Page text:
BARNSTABLE – With the end of state proceedings to decide where Vineyard Wind will land its high-voltage cable on the Cape’s southern shoreline, town officials in Barnstable and Yarmouth are feeling satisfied, though for different reasons.
“I’m not displeased with where we stand right now,” said Norman Holcomb, chairman of the Yarmouth Board of Selectmen. “I think the state process has worked.”
The Energy Facilities Siting Board hearings on offshore wind developer Vineyard Wind’s cable proposal ended Friday. The siting board is expected to issue a final decision in April on whether to allow what could be the country’s first industrial-sized offshore wind farm to land its cable in Barnstable or Yarmouth.
Initially, the company decided a Yarmouth landing was preferable and was in stop-and-go negotiations with that town’s Board of Selectmen. But on Oct. 3 the company announced a $16 million host community agreement with Barnstable and officially switched its preference to Covell Beach in Barnstable.
Yarmouth could have seen increased revenue from property taxes and other forms of financial reimbursements, but Holcomb said questions raised by the selectmen about protecting the town’s environment and minimizing other possible negative effects seems to have influenced the move by Vineyard Wind toward a Barnstable landing. The town’s leaders had also argued with Vineyard Wind over financial help the town needed to prepare a host agreement.
“In the final analysis, Vineyard Wind was not willing to commit to Yarmouth to do the things that our community was asking for,” Holcomb said.
The town’s questions went unanswered by Vineyard Wind, Yarmouth Town Administrator Daniel Knapik said. Given the depth and breadth of those questions, it probably made more business sense for Vineyard Wind to go with the landing at Covell Beach in Barnstable, Knapik said.
“Right now, we are really not moving ahead with anything,” Holcomb said of the town’s interactions with Vineyard Wind.
In the Oct. 3 filing with the siting board, Vineyard Wind stated it had evaluated and addressed community concerns in Yarmouth related to laying cable in Lewis Bay and landing the cable at New Hampshire Avenue in West Yarmouth. But advocates for the preservation of Lewis Bay have continued to say the area is environmentally sensitive and host to a vibrant aquaculture industry that could be damaged with installation of the cable.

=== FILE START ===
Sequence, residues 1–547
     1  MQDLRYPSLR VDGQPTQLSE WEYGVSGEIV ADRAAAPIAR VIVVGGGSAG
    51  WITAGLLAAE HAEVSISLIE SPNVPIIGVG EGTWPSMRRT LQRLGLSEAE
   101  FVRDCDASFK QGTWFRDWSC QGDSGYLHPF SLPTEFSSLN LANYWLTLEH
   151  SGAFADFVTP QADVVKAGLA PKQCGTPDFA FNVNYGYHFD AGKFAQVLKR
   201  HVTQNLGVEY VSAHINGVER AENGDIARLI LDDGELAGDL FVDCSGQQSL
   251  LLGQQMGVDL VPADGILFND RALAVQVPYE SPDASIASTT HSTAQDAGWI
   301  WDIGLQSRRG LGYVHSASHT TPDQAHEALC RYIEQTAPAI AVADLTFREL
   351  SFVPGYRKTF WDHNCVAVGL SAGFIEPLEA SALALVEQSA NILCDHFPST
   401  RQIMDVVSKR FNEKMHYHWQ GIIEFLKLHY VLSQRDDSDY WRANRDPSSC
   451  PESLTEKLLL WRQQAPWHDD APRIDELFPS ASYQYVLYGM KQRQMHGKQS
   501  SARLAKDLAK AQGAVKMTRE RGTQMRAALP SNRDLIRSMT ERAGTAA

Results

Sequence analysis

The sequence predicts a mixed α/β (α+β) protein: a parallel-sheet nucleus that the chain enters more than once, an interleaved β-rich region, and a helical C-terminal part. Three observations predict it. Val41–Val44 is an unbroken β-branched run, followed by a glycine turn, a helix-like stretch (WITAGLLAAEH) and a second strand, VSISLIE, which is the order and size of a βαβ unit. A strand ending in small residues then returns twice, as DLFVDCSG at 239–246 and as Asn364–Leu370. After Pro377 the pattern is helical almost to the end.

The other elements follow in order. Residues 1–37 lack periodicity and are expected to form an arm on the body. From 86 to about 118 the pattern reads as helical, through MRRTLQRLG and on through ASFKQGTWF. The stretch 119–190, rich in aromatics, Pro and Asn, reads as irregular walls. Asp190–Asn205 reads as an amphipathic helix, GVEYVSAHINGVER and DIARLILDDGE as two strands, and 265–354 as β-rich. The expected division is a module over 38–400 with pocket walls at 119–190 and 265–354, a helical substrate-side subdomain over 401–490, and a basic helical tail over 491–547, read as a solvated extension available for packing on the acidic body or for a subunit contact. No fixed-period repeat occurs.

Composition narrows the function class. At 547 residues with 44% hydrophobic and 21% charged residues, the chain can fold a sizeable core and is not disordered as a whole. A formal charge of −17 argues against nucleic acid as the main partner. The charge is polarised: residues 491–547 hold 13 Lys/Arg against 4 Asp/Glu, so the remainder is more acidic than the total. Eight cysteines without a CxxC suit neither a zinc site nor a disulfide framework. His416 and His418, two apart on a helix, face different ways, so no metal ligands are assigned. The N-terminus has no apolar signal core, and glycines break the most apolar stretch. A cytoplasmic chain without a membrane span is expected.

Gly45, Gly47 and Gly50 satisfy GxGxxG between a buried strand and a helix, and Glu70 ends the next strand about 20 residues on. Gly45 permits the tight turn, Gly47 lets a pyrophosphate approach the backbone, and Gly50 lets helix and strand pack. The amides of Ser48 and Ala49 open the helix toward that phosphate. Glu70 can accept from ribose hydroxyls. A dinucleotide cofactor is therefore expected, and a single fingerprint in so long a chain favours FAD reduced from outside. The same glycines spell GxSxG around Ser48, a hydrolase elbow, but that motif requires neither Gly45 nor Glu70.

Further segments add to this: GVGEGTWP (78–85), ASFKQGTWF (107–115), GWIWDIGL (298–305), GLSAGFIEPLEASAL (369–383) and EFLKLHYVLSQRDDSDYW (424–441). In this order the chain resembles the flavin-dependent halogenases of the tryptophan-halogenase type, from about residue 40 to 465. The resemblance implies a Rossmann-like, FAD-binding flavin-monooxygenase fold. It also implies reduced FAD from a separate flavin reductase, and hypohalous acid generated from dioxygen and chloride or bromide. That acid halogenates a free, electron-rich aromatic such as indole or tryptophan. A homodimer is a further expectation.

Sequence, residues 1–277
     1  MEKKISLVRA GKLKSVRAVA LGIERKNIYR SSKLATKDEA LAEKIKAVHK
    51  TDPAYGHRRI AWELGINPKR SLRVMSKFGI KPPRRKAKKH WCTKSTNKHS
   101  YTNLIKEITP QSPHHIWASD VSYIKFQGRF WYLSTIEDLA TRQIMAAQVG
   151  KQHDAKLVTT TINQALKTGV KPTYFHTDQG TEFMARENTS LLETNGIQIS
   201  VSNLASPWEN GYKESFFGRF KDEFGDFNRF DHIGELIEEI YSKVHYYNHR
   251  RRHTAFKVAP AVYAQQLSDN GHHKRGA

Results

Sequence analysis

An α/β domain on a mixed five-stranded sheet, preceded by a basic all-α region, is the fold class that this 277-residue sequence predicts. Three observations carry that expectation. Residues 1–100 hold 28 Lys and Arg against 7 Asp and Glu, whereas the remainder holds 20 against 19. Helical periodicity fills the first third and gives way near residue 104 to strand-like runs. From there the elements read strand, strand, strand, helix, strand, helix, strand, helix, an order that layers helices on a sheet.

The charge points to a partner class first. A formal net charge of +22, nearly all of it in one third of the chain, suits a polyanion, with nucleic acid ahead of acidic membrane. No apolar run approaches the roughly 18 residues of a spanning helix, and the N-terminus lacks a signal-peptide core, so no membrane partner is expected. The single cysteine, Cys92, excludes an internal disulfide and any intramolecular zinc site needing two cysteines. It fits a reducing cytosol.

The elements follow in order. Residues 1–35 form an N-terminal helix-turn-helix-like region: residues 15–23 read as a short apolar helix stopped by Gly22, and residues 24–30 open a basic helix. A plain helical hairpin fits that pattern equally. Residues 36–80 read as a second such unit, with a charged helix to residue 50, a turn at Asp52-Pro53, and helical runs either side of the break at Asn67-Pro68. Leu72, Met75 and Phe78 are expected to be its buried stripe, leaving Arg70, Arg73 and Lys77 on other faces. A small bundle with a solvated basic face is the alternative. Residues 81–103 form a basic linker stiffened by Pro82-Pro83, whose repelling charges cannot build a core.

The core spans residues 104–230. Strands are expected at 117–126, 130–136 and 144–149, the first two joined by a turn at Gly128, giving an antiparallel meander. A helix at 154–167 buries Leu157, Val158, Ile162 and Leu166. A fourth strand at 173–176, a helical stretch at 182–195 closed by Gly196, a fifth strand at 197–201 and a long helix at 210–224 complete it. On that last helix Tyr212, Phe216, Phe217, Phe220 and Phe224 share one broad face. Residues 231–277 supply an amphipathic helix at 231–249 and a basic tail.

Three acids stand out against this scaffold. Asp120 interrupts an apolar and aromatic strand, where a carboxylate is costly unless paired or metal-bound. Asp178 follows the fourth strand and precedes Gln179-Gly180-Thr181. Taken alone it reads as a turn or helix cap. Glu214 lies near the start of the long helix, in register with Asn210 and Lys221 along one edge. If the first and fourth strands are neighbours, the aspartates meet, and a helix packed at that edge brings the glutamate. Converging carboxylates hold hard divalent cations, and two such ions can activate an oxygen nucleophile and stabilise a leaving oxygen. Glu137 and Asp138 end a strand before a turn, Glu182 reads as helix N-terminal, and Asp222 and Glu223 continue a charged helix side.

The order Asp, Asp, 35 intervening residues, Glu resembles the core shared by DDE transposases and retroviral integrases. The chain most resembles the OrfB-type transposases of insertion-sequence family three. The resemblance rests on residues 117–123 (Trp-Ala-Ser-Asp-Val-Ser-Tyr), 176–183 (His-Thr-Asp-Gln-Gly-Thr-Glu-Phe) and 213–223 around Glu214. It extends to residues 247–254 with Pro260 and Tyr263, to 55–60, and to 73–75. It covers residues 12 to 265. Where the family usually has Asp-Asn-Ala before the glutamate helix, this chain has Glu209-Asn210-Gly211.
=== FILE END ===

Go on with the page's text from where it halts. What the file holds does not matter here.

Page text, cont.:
Vineyard Wind, in turn, stated in the Oct. 3 paperwork that “community acceptance and support” is a significant factor in its own right, as well as a way to minimize risk to the project and to meet deadlines. With Barnstable, the company stated it had found a “shared belief” that the cable-laying project can benefit the town and that potential negative effects can and will be dealt with satisfactorily. In the host community agreement with Barnstable, both the town and Vineyard Wind have agreed to a binding arbitration procedure for a major point of contention – protection of the town’s water supply from any potential spill of transformer fluid in a new substation off Independence Drive.
“It’s obviously critical that we get that right,” Barnstable Assistant Town Attorney Charles McLaughlin said. “I’m pleased that we’ve reached this way to resolve it.”
In the Barnstable agreement, in addition to paying about $1 million a year in property taxes, Vineyard Wind agrees to pay $16 million to the town over 25 years as mitigation, McLaughlin said. That stipulation applies to the current 800-megawatt contract that Vineyard Wind has with three electricity distribution companies in Massachusetts. A second aspect of Barnstable’s host community agreement would duplicate the $16 million terms if Vineyard Wind bids on and wins another contract in the future.
What could be a $32 million deal in the long run would allow the town to move its public water wells upstream from new substations that could leak transformer fluids into the drinking water, McLaughlin said. Since 2016, Barnstable officials have been contending with contamination to the Hyannis drinking water supply from operations at the Barnstable Municipal Airport and the Barnstable County Fire and Rescue Training Academy.
The town has begun a search for an independent engineering firm to review the design of the substation to be built off Independence Drive, with Vineyard Wind reimbursing the town for up to $50,000 for that work, McLaughlin said. A Vineyard Wind spokesman confirmed the terms, as stated in the agreement.
Assuming the siting board decision early next year favors the Barnstable landing, Vineyard Wind intends to begin construction on the landing itself by next fall, the company’s chief development officer, Erich Stephens, told Barnstable Town Council on Oct. 18. At that meeting, town council members unanimously approved an easement and two related items at Covell Beach for the company to begin its work.
Vineyard Wind plans to build its 106-turbine wind farm on leased federal land about 14 miles south of Martha’s Vineyard. After reaching the shore, the cable would run along underground trenches on public ways, similar to other public utilities, for about 5 miles to the new substation off Independence Drive at 40 Communication Way, Barnstable Town Manager Mark Ells said. That new substation will then connect to an existing Eversource substation nearby, bringing the electricity from the wind farm into the regional electrical grid.
The company’s 800-megawatt contract is expected to provide power to over 400,000 homes, Stephens said.
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